Re: Newbie question
Date: Thu, 23 Jun 2005 10:36:27 GMT
"Paul" <paul_at_test.com> wrote in message news:42b9b3de$0$30831$ed2619ec_at_ptn-nntp-reader01.plus.net...
> True. But then many database constraints can be duplicated on the client
> to avoid repeated round-trips to the server. There was a long thread
> here a year or so ago on the desirability of clients being able to read
> the database constraints instead of being redundantly recoded. And then
> risking getting out of sync with each other.
There is value in avoiding round trips to the server.
With regard to keeping the client and the database in synch with regard to
data constraints (database constraints?),
there is another alternative. Allow both the client and the database to
inherit the constraints from a common source.
With regard to keeping the client and the database in synch with regard to data constraints (database constraints?), there is another alternative. Allow both the client and the database to inherit the constraints from a common source.That's why Kenneth Downs' work is so interesting to me.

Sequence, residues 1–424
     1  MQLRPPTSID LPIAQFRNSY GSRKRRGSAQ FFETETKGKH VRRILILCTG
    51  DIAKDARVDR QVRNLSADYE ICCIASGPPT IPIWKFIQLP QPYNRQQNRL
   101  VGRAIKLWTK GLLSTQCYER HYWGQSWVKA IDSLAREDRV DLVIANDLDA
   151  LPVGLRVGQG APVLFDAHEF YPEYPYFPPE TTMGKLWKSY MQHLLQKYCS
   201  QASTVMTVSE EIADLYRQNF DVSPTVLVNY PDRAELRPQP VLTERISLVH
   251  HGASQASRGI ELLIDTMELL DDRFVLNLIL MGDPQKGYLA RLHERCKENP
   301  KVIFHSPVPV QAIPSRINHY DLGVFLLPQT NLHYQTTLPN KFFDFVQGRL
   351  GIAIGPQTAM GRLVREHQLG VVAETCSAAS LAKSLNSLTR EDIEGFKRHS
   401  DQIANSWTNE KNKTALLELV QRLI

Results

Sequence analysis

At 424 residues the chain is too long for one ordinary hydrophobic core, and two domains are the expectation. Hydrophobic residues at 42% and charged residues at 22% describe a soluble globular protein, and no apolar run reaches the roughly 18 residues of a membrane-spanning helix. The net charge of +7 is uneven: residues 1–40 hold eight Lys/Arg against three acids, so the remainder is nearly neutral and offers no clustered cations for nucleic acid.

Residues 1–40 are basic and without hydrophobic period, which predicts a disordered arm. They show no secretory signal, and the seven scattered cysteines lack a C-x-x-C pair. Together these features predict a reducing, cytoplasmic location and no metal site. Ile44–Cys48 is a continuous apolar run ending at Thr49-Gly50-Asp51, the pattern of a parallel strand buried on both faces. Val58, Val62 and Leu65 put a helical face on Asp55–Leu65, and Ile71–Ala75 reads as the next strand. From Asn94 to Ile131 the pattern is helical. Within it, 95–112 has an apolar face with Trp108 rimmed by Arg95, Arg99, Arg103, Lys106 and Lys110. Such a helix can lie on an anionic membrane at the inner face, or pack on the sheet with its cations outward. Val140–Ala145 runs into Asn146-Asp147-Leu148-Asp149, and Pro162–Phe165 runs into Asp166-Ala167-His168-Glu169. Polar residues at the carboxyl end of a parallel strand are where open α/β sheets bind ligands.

> True again, there is no guarantee someone won't type in another valid
> key, but it does knock out the vast majority of mistakes. I guess the
> most common error is to make a mistake in a single character (writing a
> 1 as a 7 for example). I think that checksums are specifically designed
> to ensure that changing any one character will invalidate the checksum.
> I could be wrong here but if not, they certainly would take care of most
> And to check that the key is valid (i.e. in the database) and not just
> well-formed, you do need a trip to the server. But hopefully not many
> entries will manage to get to that stage.
Maybe "not many erroneous entries". Hopefully, the vast majority of entries will be correct, right? Received on Thu Jun 23 2005 - 12:36:27 CEST